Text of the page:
ATV Bills Kick Up Debates, Reveal Importance of Safety Discussions
By Gerri Elder
Recent pieces of ATV legislation in Nebraska, North Dakota and Oregon have sparked much debate, and reveal the difficulty of balancing attempts to prevent ATV accidents, injuries and deaths by bolstering safety laws and restrictions versus opening up the roads for experienced riders and farmers or even letting children ride these vehicles.
- A Nebraska ATV bill would open up ATV use beyond designated all-terrain vehicle parks and personal property. Specifically, Legislative Bill 288 would allow ATVs to be driven on all Nebraska roads with the exception of controlled-access highways, according to a story in the Omaha World-Herald. Introduced by Senator LeRoy J. Louden, this Nebraska ATV bill has already caused much concern. Opponents of this Nebraska ATV bill argue that ATVs are not designed for road-use and point to a statistic from a Consumer Product Safety Commission study examining ATV accidents from 1997-2002. According to the CPSC study, 40% of ATV deaths during that period occurred on paved roads.
- A North Dakota ATV bill would allow ten-year-olds in the state to ride off-road ATVs and dirtbikes. Sponsored by Representative RaeAnnKelsch, this North Dakota ATV bill would refute a current law requiring ATV riders to be 12 years old. Kelsch says that such a bill would allow children to participate in popular youth motorcross races and ultimately allow kids to get more practice and become safer riders. Opponents of this North Dakota ATV bill arguer that ten-year-old children do not have the proper physical or cognitive abilities to operate these potentially dangerous vehicles. According to a North Dakota Department of Health statistic cited in a story in The Bismarck Tribune, five children have been killed in ATV accidents in the state since 2000.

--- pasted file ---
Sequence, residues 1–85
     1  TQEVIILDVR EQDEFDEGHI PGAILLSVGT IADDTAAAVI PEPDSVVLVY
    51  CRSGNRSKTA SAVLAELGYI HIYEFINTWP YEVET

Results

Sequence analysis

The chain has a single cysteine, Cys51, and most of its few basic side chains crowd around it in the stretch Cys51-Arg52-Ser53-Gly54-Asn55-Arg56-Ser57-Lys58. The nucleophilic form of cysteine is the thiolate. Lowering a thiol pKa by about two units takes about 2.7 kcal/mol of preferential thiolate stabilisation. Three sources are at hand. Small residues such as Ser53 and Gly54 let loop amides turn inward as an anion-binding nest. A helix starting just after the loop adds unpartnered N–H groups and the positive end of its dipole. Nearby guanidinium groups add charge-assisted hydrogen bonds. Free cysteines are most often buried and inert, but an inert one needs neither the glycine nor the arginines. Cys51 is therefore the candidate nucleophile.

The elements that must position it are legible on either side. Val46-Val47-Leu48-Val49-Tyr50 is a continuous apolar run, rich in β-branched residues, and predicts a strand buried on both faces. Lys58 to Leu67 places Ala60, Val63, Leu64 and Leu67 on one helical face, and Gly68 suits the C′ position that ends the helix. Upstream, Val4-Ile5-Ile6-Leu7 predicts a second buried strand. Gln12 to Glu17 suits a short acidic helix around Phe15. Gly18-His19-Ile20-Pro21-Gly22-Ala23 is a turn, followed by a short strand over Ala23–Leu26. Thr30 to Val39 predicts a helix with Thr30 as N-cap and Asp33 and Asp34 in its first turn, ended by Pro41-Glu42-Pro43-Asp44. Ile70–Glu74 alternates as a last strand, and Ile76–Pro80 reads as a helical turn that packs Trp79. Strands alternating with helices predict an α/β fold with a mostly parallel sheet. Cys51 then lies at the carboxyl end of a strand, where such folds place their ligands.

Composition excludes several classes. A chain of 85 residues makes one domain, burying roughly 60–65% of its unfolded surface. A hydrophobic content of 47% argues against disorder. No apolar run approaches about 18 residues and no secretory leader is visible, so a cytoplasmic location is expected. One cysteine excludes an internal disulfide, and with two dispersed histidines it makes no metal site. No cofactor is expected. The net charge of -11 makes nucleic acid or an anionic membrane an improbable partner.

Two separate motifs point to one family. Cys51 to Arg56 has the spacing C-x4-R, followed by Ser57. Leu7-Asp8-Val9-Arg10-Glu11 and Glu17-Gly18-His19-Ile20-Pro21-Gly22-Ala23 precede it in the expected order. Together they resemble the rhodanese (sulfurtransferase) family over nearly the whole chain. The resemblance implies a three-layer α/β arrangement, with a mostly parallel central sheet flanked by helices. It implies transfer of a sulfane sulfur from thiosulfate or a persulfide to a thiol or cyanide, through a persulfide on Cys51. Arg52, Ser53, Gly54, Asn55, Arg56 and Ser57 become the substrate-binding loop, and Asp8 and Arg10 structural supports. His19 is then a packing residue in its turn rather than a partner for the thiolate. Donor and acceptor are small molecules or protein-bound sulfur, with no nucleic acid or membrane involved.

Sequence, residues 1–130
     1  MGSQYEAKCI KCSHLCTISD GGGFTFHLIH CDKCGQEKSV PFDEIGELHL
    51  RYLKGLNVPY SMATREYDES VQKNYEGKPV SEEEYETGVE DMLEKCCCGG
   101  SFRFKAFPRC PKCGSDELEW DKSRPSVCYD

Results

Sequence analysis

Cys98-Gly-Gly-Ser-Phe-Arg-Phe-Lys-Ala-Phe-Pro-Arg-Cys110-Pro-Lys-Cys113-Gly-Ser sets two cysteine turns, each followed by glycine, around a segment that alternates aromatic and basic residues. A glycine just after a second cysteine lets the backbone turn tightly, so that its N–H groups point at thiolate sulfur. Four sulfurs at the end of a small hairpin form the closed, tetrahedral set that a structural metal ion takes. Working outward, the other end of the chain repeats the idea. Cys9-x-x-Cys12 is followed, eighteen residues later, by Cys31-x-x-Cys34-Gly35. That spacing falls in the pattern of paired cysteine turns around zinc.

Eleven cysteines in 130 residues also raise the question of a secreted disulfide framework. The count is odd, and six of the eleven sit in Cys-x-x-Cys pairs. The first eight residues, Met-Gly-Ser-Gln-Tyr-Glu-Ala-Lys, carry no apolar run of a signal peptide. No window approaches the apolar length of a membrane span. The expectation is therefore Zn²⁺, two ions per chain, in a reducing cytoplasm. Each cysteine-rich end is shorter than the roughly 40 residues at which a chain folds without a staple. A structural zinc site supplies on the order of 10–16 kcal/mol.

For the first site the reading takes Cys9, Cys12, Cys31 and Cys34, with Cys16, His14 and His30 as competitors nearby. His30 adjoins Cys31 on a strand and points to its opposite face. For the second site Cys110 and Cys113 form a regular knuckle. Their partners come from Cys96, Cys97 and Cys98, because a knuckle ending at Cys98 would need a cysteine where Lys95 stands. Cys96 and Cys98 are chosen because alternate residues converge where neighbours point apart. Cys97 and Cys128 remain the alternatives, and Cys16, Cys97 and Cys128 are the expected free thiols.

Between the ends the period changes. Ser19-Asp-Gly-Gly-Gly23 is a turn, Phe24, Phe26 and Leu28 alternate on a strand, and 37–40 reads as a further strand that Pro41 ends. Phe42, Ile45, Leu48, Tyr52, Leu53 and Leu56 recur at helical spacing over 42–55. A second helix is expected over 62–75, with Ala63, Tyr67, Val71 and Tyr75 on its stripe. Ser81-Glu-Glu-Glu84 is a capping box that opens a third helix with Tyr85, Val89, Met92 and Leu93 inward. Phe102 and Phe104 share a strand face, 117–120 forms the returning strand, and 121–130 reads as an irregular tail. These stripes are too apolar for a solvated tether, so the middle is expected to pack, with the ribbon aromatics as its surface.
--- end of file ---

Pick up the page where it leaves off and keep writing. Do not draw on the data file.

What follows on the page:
- In direct contrast to both the current North Dakota ATV law and bill, an Oregon ATV bill would bar kids under the age of 12 from riding these vehicles and would also limit those aged 12 to 16 to ATVs with engines of 90 cc or less. Many all-terrain vehicle riders in Southern Oregon are so upset with this ATV bill that they are threatening to launch a recall against its co-sponsor, Senator Alan Bates, according to a story in the Mail Tribune. Opponents of this Oregon ATV bill argue that families already take extreme caution when their children ride these vehicles, and also say that the bill will actually cause more kids to suffer ATV injuries because they will be forced to ride on smaller vehicles. Bates said that he thinks the bill needs to undergo some changes to take into effect the use of ATVs as farm vehicles, but added that it was prompted by an upswing in ATV deaths in the past five years.
Comparing the dangers of ATV accidents with the benefits of ATVs as work and recreational vehicles is a difficult task to say the least, as the debate over the bills in these states reveal. Even the Consumer Product Safety Commission has recognized the popularity and work value of ATV vehicles, but this hasn't stopped the agency from preaching the necessity for proper safety and citing some important statistics.
According to statistics on its ATV Safety website, there have been nearly 6,500 deaths in ATV-related accidents between 1982 and 2004. ATV accidents led to 609 reported deaths in 2004 and 467 reported deaths in 2005. More than 136,000 people were treated in emergency rooms for injuries sustained during ATV accidents in 2004.
As for children killed in ATV accidents, a recent story in The Birmingham News states that one-third of people killed or injured in ATV accidents in the United States are under 16 years old. The story cited a Southeast Child Safety Institute study which randomly examined 19 child ATV deaths and found that 15 of those drivers were under the age of 15 years old. The three youngest child drivers to die were all age 11.
Ultimately, all of these statistics and the recent legislative debates in Nebraska, North Dakota and Oregon reveal the importance for states to continue or start addressing concerns about ATVs with proper discussions and laws that further promote safe riding for children and even adults! Just last week, a 23-year-old woman in Lucedale, Mississippi was killed when her all-terrain vehicle collided with another ATV that threw her into the path of an oncoming SUV.
It was unknown whether the victim, Jillian R. Howell, was wearing a helmet, but a trooper in a Press Register story said there is no Mississippi law requiring ATV riders or passengers to wear helmets; providing another example of the necessity for more discussion on increased ATV safety and regulations!